Air Conditioning and Electricity Bills

Have you ever wondered what it costs to run an air conditioning unit or system at home or in the workplace and if you could get that cost down in any way?

There are some simple enough calculations you can do to help you decide how much your air conditioning is actually costing you.

People are often surprised when they see how much of their monthly electricity usage is taken up by their cooling system.

A Working Example

Let's take an example of the cost to operate a single room air conditioner for a day as well as for a month. Generally, the higher the BTU rating of the AC unit, the more electricity it will consume.

air conditioning and electricity billsRemember also that the energy consumption will vary by make and model.

An Average AC

The average air conditioner that is used in the U.S. is approx 3 tons and carries a 10 SEER efficiency rating. It may not surprise you to learn that a unit of this size will draw approx 2.9kW (kilowatts, or 1,000 watts) per hour.

To obtain the approximate cost per hour of runtime, simply multiply this number by the electricity cost per kilowatt hour.

Depending on your area, electricity costs can vary a great deal. The cost can also vary depending on the time of day.

As a hypothetical example, lets take that cost to be 0.18 cents per kilowatt hour baseline to say 0.45 cents per kilowatt hour peak time.

I'll use the baseline energy cost of 0.16 cents per kilowatt hour for my calculation.

Calculate:

2.9 x 0.18 = 0.522 cents per hour

This cost will be more than double during peak time electricity demand.

Let's now assume we'll have around 1,200 hours of cooling time in summer and in this example, the total cost to run a 3 ton 10 SEER air conditioner can range from $626 to over $1,200.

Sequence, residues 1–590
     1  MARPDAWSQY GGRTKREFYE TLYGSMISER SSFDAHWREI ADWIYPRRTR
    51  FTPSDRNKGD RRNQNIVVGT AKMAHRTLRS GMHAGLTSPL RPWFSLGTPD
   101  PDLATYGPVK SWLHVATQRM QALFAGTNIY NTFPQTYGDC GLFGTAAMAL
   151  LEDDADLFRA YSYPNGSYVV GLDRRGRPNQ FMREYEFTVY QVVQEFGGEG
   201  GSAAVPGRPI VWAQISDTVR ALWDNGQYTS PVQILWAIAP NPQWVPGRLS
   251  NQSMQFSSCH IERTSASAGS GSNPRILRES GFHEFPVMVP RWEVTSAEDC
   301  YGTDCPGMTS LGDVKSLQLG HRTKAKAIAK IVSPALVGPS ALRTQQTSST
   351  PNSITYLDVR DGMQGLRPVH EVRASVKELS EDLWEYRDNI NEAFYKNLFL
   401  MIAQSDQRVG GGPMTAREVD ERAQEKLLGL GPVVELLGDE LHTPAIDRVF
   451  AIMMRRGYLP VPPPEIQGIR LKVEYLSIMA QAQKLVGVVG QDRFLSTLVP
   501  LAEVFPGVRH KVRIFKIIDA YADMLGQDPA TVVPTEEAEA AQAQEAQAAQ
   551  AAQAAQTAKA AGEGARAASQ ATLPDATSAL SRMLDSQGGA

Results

If your air conditioning unit is rated below 10 SEER or your local electricity costs are higher (as they doubtless will be) as per this example, your costs will be higher.

To give you some idea, an 8 SEER AC is 20% less efficient than a 10 SEER AC. This means your cooling costs will be around 20% higher.

What Are Kilowatt Hours?

To help you understand what a kilowatt-hour (kWh) is, it is basically the standard unit of measurement for electricity in most of the world.

What it means simply is using 1,000 watts of electricity for one hour.

If you want to calculate what your air conditioner's running cost is for an hour, you can usually find its wattage rating printed on the box or you can look it up online. Then simply multiply this by how many hours it is used each day.

As an example, a 2,000 watt rated air conditioner will consume 2 kWh (2,000 watts per hour).

To give you a comparison, a 10-watt LED light running for an hour will use 0.01 kWh (10 watts divided by 1,000).

The cost of electricity varies from state to state and from town to town. Simply check your own electric bill to see what it costs you.

Calculating Air Conditioning Electricity Costs

To calculate a window air conditioner's energy usage, you can divide the BTU rating by the SEER rating to give you the result in watts per hour (or watt hours).

Then divide the result by 1,000 to get kilowatt hours (kWh).

This is how the electric company calculates energy bills. Multiply the kWh by the power company's rate and you'll have the cost per hour.

Another Example:

Let's take a 14,000 BTU, 10 SEER rated air conditioner with a cost of 45 cents per kWh and calculate:

14,000 BTUs / SEER 10 = 1,400 W = 1.4 kWh

1.4 kWh x $0.45 = $0.63 per hour to run your air conditioner.

Multiply that by 8 hours per day for the 125 days of summer and your air conditioner has an annual running cost of $630 a year.

Cutting Costs

There are a number of ways to cut the cost of running an air conditioner.

Start with a programmable thermostat that you can program at a few degrees higher temperature during the day and at night while you sleep. One of the biggest mistakes people make that costs them a lot of money is to set the thermostat too low.

There's not much comfort to be had sitting in a freezing cold room at below 60°F when it could be much more comfortable at a balmy 75°F.

Shading the house from the sun where possible will reduce the amount of work the air conditioning will need to do to keep it cool inside, which will also save a lot of dollars.

Drawing the blinds and lowering awnings during the day while opening windows at night to catch the cooler breeze can also save you money.

When purchasing a new air conditioner, be sure to look for Energy Star units. These can use up to 14% less energy than government requirements. They may also entitle you to a tax credit if available in your state.

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